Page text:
Themergency fooplugins

A NextGen Alternative : FooGallery


If you create sites for clients then you have probably used (or at least tried) NextGen gallery plugin for WordPress. It used to be my goto plugin for creating image galleries, but with recent updates, I started looking for a NextGen alternative. But finding an alternative was not that easy, and usually meant I had to fork out some cash. That has changed, cause there is now a NextGen alternative. It is called FooGallery!

Disclaimer: I am the developer of the FooGallery plugin so I may be biased in my opinions, but this is my blog, so I am entitled to that.

What Is Wrong With NextGen

Quite a few things, but to me the big showstoppers are:

  • Too slow! NextGen slows down every site I install it on. I am not sure if it is the complicated POPE framework it uses under the hood, or just the shear amount of code, but I can’t get over how slow it is to do anything with NextGen. Which leads onto my next point…
  • It’s bloated. The plugin does too much and most of the time I never use half of what it has to offer.
  • It’s non WordPress standard. NextGen reinvents the wheel at every turn. Custom uploader, custom gallery management pages. To a client, it is extremely obvious that NextGen is not part of WordPress.
  • It’s hard to extend. NextGen is hard to extend from a developer point of view. I write plugins for WordPress, so I have dived into the code. It is not as easy as it should be.

But Let’s Be Fair…

I also have to be fair and give credit where credit it due. NextGen is loved by millions, and it does a lot of stuff, so kudos to the team! It must be a very daunting task to release updates that you know will be received by millions of customers that rely on your plugin (some rely on it to run their businesses - think photographers).

Also, FooGallery does not do everything that NextGen does, but that is the point. I wanted to keep it lean and fast, but allow for it to be extended via the extensions framework.

Introducing FooGallery

FooGallery was created with 3 basic goals in mind:

  1. It had to be extremely easy and intuitive for site administrators to manage galleries and media.
  2. It had to look sexy out of the box for your website visitors.
  3. Developers had to be able to extend the hell out of it.

FooGallery For Site Admins

There is no other gallery plugin on the market that can match the awesomeness of FooGallery from a gallery management point of view. I know that statement is cocky and arrogant, but I have tried all of the other gallery plugins!

Gallery Management Features

  • Creating a gallery is as simple as creating a post (possibly even easier).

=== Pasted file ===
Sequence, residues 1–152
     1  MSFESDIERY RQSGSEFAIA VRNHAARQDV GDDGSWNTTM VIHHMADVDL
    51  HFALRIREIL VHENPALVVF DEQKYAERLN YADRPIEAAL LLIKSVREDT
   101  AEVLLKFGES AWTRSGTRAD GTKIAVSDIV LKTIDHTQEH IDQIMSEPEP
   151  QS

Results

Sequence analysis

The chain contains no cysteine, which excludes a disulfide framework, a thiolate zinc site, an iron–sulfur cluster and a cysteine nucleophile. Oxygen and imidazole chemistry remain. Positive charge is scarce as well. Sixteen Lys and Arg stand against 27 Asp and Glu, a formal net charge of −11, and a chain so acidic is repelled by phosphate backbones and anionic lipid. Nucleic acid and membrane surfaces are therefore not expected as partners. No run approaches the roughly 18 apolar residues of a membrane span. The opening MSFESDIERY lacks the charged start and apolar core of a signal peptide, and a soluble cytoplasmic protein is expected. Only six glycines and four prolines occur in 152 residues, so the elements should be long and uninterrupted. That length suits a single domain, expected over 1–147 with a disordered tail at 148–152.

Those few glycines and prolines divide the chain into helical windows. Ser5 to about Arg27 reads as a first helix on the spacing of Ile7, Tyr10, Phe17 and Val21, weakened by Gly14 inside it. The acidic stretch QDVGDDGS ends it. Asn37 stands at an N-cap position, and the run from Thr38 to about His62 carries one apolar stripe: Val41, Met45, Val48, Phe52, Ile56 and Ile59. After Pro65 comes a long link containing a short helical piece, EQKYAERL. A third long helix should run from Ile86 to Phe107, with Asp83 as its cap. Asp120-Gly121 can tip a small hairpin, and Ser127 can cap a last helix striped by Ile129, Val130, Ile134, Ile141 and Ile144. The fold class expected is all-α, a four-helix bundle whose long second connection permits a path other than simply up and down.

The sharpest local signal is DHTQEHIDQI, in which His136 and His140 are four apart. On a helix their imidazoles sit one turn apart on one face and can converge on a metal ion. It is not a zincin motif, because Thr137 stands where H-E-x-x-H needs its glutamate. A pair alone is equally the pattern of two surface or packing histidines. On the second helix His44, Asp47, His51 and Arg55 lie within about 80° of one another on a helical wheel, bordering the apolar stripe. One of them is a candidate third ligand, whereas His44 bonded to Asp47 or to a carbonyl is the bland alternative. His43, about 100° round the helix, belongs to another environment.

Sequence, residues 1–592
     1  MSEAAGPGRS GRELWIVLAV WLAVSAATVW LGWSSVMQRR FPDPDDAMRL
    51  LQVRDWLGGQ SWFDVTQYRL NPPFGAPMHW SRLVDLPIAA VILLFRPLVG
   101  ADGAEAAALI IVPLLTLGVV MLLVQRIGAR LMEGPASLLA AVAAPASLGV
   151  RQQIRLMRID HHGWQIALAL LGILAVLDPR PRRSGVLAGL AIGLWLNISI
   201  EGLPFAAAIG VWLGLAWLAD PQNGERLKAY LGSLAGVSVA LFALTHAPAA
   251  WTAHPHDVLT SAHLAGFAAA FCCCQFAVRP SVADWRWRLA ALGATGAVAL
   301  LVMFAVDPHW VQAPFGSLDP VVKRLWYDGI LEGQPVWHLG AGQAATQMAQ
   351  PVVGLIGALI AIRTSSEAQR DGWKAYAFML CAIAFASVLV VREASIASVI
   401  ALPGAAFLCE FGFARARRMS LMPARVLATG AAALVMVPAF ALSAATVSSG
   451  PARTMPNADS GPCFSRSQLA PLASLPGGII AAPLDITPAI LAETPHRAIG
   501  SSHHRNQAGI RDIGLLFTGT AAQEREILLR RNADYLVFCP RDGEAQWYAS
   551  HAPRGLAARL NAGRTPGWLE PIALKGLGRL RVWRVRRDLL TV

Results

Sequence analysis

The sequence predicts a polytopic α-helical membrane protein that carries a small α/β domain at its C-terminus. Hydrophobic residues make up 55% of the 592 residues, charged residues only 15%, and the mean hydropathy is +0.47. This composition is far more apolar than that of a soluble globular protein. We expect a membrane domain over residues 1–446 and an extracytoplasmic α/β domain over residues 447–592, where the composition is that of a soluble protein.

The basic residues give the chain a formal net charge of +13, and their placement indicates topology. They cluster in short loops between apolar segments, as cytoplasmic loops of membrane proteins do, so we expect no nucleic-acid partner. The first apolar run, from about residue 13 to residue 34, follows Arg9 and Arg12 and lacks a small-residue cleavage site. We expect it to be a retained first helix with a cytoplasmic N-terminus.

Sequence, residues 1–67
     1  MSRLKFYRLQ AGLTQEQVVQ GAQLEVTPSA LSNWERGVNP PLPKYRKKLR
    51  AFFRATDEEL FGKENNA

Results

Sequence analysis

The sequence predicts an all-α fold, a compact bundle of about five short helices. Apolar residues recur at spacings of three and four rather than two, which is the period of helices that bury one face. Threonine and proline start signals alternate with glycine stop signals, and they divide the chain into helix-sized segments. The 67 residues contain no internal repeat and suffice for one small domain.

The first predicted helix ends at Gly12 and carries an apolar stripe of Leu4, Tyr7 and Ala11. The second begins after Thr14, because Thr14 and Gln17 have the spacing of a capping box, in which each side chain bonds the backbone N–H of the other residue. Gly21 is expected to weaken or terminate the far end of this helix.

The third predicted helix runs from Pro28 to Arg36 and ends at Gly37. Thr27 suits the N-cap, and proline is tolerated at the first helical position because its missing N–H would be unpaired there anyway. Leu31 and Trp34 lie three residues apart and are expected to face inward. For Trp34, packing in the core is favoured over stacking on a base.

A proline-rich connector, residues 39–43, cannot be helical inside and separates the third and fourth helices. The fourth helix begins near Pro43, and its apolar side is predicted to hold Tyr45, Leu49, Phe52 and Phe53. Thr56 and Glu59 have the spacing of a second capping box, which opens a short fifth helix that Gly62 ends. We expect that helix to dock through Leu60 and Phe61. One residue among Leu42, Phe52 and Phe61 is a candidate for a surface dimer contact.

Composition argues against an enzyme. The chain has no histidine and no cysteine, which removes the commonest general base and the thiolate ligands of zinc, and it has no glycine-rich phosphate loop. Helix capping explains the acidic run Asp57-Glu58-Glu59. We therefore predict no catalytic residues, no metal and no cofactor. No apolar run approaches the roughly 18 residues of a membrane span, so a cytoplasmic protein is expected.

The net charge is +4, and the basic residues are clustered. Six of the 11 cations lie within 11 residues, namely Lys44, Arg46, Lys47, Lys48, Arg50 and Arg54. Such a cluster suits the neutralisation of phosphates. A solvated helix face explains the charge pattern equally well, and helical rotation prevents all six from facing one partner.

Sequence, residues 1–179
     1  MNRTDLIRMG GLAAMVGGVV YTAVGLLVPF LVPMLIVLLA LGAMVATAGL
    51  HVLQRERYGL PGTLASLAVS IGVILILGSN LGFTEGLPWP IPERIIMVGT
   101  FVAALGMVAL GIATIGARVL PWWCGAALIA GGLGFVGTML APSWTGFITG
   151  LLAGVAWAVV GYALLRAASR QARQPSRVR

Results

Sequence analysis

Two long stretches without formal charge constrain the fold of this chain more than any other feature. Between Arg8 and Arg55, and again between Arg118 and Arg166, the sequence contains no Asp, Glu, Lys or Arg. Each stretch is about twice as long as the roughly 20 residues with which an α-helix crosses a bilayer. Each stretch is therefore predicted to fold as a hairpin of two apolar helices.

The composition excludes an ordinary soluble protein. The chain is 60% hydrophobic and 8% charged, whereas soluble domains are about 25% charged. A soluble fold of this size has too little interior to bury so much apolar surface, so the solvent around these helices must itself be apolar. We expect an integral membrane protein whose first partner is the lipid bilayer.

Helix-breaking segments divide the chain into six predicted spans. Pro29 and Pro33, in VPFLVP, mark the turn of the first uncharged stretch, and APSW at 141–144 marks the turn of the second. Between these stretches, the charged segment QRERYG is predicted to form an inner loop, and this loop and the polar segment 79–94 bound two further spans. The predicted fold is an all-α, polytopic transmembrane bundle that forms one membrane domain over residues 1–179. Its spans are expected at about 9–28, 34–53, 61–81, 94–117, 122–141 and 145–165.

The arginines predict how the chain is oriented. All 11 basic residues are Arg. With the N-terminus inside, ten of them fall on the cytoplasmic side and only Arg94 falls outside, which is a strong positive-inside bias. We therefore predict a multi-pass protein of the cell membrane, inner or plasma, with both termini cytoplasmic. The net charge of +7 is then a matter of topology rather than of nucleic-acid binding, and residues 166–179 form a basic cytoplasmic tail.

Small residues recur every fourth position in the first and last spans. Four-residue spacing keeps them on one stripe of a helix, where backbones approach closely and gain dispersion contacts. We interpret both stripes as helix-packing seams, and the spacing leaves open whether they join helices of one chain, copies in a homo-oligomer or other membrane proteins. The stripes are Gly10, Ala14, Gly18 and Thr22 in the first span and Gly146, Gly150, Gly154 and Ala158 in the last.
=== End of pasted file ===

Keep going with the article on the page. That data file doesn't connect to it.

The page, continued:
• Add/upload images via the built-in media manager.
  • Re-order images via drag and drop.
  • Shortcode copy to clipboard awesomeness.
  • Create a draft gallery page in a single click. (This creates a page with the same name as your gallery and inserts the shortcode into the page content).
  • See which pages or posts the gallery is used on (with quick links to edit and view).

Visual Editor Features

  • Insert a gallery onto the page or post using the gallery picker dialog.
  • Gallery shortcodes are shown as visual gallery placeholders within the editor.

FooGallery For Site Visitors

FooGallery comes with 4 amazing gallery templates that should cater to most needs, and fit in with existing themes. Here is a FooGallery example:

  • Default responsive gallery template. This is the default gallery template and comes with some awesome options for border and hover effects. You can also preview what your thumbs will look like in real time! Check out a demo.
  • Masonry gallery template. Everyone loves masonry, so there is a masonry template. Demo.
  • Simple portfolio gallery template. A great gallery template to show off your portfolio. Demo.
  • Justified Grid Gallery Template. A gallery template that justifies the images to fill all the spaces! Demo.

FooGallery For WordPress Developers

My favorite part of FooGallery is how easy it is to extend and modify! At the heart of FooGallery is an extension framework. The idea behind this was to keep the core plugin lightweight, and make it easy for others to build on top of it.

The extension framework is also unique in the fact that extensions can be hosted in the repository, or on GitHub, or on BitBucket, or in your own Amazon bucket.

It must also be noted that FooGallery extensions are in essence WordPress plugins. So if you know how to write a normal WordPress plugin, then you already have all the skills you need to create your own extension.

FooGallery Extensions Marketplace

The extensions page lists all available extensions for FooGallery. The list of extensions is stored as a “feed” on Github. So the feed can be updated without the need for a plugin update. There is nothing worse than getting hundreds of plugin updates for a plugin!